Bay Area Rapid Transit Faces $210,000 in Cal/OSHA Fines for Fatal Accident Photo by Franco Folini/Wikimedia Commons

Bay Area Rapid Transit Faces $210,000 in Cal/OSHA Fines for Fatal Accident

After investigating the October 2013 deaths of two workers, Cal/OSHA has cited the Bay Area Rapid Transit District (BART) for three willful/serious violations carrying $210,000 in fines.

After investigating the October 2013 deaths of two workers, Cal/OSHA has cited the Bay Area Rapid Transit District (BART) for three willful/serious violations carrying $210,000 in fines.

Christopher Sheppard and Laurence Daniels died on Oct. 19, 2013, when an out-of-service BART train struck them near the Walnut Creek, Calif., transit station.

BART said the two workers, who were performing track inspections at the time of the accident, “had extensive experience working around moving trains.” However, Cal/OSHA cited the transit agency because Sheppard and Daniels “did not meet the qualifications to perform work near hazardous energized third-rails.” Sheppard was a special-projects manager, while Daniels was a contractor and consulting engineer.

According to Cal/OSHA, an inexperienced operator-in-training was at the helm of the train that killed Sheppard and Daniels. The agency cited BART for allowing an employee on a new assignment to perform the job without having completed his training.

“BART Train 963, a four-car train operating in automatic mode traveling at more than 65 miles per hour with an inexperienced operator-in-training at the controls, was proceeding to its destination of Pleasant Hill station around 1:45 p.m.,” Cal/OSHA explained. “The high-ranking manager designated as the trainer was seated in the passenger area with three BART managers and another trainee instead of maintaining a position next to the trainee in the control cab.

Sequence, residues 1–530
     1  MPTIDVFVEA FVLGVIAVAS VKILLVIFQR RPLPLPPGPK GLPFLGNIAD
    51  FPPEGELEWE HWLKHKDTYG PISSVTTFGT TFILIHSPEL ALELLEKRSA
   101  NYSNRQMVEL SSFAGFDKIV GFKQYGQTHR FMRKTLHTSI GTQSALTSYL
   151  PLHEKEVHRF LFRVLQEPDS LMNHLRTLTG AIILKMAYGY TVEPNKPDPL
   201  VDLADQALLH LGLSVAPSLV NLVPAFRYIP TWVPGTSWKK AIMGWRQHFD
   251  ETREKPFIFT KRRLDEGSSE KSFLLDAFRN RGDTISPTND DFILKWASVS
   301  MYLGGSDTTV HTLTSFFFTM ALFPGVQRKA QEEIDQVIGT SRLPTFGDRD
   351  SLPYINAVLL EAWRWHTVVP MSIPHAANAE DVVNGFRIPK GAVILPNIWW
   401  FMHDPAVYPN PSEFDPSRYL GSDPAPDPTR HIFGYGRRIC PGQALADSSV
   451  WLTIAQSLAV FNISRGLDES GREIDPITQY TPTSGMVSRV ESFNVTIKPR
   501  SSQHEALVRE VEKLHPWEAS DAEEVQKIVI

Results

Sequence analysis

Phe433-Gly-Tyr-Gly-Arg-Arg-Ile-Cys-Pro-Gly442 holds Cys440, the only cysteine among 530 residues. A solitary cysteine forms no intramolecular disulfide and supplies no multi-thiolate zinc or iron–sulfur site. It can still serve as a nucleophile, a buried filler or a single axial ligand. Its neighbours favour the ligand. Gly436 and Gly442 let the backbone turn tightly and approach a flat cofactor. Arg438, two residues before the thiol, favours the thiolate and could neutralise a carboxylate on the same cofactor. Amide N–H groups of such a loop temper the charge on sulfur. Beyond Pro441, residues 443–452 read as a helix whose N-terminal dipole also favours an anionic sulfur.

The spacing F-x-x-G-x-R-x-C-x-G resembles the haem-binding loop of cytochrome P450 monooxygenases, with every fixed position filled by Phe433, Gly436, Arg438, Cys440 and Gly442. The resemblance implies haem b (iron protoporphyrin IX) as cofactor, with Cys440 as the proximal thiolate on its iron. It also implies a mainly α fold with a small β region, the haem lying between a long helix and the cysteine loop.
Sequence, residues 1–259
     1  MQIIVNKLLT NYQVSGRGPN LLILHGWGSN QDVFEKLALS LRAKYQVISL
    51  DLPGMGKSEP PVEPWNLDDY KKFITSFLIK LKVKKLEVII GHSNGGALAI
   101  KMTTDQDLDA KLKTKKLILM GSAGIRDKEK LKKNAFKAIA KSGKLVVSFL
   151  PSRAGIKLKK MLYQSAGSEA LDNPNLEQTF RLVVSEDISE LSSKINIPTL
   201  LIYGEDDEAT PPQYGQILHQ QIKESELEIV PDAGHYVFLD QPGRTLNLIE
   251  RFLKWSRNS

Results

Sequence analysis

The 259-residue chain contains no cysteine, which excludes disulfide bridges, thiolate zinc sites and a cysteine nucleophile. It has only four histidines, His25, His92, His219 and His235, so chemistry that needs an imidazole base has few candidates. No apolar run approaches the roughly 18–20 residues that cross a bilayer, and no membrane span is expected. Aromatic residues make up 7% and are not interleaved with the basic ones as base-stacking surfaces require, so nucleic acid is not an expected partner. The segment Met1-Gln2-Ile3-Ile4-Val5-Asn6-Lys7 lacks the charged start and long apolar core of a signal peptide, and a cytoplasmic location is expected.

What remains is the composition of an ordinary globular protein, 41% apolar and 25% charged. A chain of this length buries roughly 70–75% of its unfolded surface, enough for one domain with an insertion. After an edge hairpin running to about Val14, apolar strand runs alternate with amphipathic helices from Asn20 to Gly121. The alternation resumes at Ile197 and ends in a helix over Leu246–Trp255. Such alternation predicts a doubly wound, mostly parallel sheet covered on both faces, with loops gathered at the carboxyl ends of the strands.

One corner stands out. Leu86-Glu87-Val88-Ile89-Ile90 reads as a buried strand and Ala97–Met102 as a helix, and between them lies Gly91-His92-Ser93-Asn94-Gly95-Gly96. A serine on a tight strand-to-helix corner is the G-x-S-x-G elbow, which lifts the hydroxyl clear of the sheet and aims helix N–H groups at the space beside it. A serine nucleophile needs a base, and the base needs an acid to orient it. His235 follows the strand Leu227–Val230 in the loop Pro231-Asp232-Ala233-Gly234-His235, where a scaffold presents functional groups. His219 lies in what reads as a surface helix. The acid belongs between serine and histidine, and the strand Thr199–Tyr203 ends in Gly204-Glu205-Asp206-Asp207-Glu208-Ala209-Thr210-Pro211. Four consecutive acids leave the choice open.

"Although he could see the trainee at the controls from behind the open control-cab door, the trainer was not located in a position to closely view the trainee’s actions and observe the track. The trainee saw the workers and was attempting to sound the horn and stop the train when the workers were struck.”

The agency issued a third citation for BART’s alleged failure to develop and implement safety measures to protect personnel during railcar movement. At the time of the accident, BART was using a “simple-approval” authorization process that made track workers responsible for their own safety. According to Cal/OSHA, there were fatal workplace accidents in 2001 and 2008 while BART was using the authorization process.

The day after the 2013 fatalities, BART suspended the simple-approval process for track maintenance. 

In response to the Cal/OSHA citations, BART General Manager Grace Crunican said the transit agency over the past six months has been “making permanent changes to our safety procedures.” 

“BART has fundamentally upgraded its safety procedures with the implementation of an enhanced wayside safety program and a proposed budget investment of over $5 million in additional resources to bolster BART’s safety performance,” Crunican said. “Cal/OSHA has informed BART these changes correct the concerns [that] are at the heart of their citations, designating the issues as ‘abated,’ meaning that none are continuing violations or pose continuing safety hazards.”

Crunican also noted that BART “has embraced comprehensive rail-safety regulations adopted by the California Public Utilities Commission impacting all rail-transit agencies in California.” 

“These requirements will add extra procedures and protections for trackside crews during both operating and non-operating hours,” Crunican said. “Changes, which go into effect in May, include better communication between the operation control center, train operators and work crews on the track; safety measures and reduced train speeds when workers are close by; and a mandatory watch person including during non-operating hours when maintenance vehicles are on the tracks working.”

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